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Int. braz. j. urol ; 49(1): 123-135, Jan.-Feb. 2023. tab, graf
Article in English | LILACS-Express | LILACS | ID: biblio-1421714


ABSTRACT Background: Global cancer incidence ranks Prostate Cancer (CaP) as the second highest overall, with Africa and the Caribbean having the highest mortality. Previous literature suggests disparities in CaP outcomes according to ethnicity, specifically functional and oncological are suboptimal in black men. However, recent data shows black men achieve post radical prostatectomy (RP) outcomes equivalent to white men in a universally insured system. Our objective is to compare outcomes of patients who self-identified their ethnicity as black or white undergoing RP at our institution. Materials and methods: From 2008 to 2017, 396 black and 4929 white patients underwent primary robotic-assisted radical prostatectomy (RARP) with a minimum follow-up of 5 years. Exclusion criteria were concomitant surgery and cancer status not available. A propensity score (PS) match was performed with a 1:1, 1:2, and 1:3 ratio without replacement. Primary endpoints were potency, continence recovery, biochemical recurrence (BCR), positive surgical margins (PSM), and post-operative complications. Results: After PS 1:1 matching, 341 black vs. 341 white men with a median follow-up of approximately 8 years were analyzed. The overall potency and continence recovery at 12 months was 52% vs 58% (p=0.3) and 82% vs 89% (p=0.3), respectively. PSM rates was 13.4 % vs 14.4% (p = 0.75). Biochemical recurrence and persistence PSA was 13.8% vs 14.1% and 4.4% vs 3.2% respectively (p=0.75). Clavien-Dindo complications (p=0.4) and 30-day readmission rates (p=0.5) were similar. Conclusion: In our study, comparing two ethnic groups with similar preoperative characteristics and full access to screening and treatment showed compatible RARP results. We could not demonstrate outcomes superiority in one group over the other. However, this data adds to the growing body of evidence that the racial disparity gap in prostate cancer outcomes can be narrowed if patients have appropriate access to prostate cancer management. It also could be used in counseling surgeons and patients on the surgical intervention and prognosis of prostate cancer in patients with full access to gold-standard screening and treatment.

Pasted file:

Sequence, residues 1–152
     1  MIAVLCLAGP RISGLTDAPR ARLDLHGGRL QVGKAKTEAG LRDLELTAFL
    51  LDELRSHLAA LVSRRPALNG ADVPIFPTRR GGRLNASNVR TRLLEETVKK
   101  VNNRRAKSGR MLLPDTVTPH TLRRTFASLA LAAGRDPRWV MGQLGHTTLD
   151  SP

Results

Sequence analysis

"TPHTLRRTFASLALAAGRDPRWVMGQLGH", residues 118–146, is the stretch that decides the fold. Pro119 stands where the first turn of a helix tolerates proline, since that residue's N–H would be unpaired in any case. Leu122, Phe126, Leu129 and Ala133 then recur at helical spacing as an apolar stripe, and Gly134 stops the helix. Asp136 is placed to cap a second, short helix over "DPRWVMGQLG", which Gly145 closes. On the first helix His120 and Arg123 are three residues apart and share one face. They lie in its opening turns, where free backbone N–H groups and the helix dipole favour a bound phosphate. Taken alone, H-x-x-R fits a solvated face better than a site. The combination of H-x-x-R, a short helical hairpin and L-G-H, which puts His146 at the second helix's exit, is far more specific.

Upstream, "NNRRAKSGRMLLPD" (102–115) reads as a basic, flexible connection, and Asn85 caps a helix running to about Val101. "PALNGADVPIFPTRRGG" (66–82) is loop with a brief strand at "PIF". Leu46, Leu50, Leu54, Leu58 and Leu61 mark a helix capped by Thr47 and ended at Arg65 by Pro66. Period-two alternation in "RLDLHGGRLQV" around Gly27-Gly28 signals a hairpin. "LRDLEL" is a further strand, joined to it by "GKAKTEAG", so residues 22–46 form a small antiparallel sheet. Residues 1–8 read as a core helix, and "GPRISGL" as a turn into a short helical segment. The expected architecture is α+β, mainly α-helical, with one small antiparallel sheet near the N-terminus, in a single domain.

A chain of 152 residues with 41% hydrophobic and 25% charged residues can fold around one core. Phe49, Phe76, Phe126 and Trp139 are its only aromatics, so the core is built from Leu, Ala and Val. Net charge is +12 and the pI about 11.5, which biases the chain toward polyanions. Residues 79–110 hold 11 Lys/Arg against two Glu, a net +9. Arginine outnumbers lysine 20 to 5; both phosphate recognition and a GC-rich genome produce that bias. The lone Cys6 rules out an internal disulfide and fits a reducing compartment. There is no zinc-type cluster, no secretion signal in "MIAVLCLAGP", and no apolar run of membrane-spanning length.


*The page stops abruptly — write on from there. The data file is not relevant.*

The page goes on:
Int. braz. j. urol ; 48(4): 728-729, July-Aug. 2022.
Article in English | LILACS-Express | LILACS | ID: biblio-1385143


ABSTRACT Introduction Several techniques of robotic-assisted radical prostatectomy (RARP) using the da Vinci SP (SP) have been described since its clearance by the FDA (Food and Drug Administration) in 2018 ( 1 , 2 ). Even with the expanding literature about this robot, the SP technology has been restricted to a few centers in the US and Asia due to the recent release of this robot in the marked.3 In this scenario, we provided, in this video compilation, a consensus of SP referral centers describing the current approaches and techniques of da Vinci SP Radical prostatectomy (SP-RARP). Surgical Technique We have illustrated five different techniques, including transperitoneal, extraperitoneal, Retzius-sparing, transvesical, and transperineal ( 4 - 6 ). Each surgery demonstrated crucial steps from the trocar placement until anastomosis. All approaches follow anatomic concepts and landmarks to minimize positive surgical margins, optimize oncological outcomes and promote optimal functional recovery. The trocar placement and the use of an assistant port were selected according to the operative technique of each institution. None of these surgeries had intra- or postoperative complications, and the pain management until discharge was controlled without using narcotics. All patients were discharged in less than 16 hours of surgery. Conclusion Robotic-assisted radical prostatectomy performed with the da Vinci SP is feasible and safe with optimal perioperative outcomes. Five different approaches were described in this video compilation, and we believe that the technical details provided by this multicentric collaboration are crucial for centers willing to initiate the SP approach to radical prostatectomy.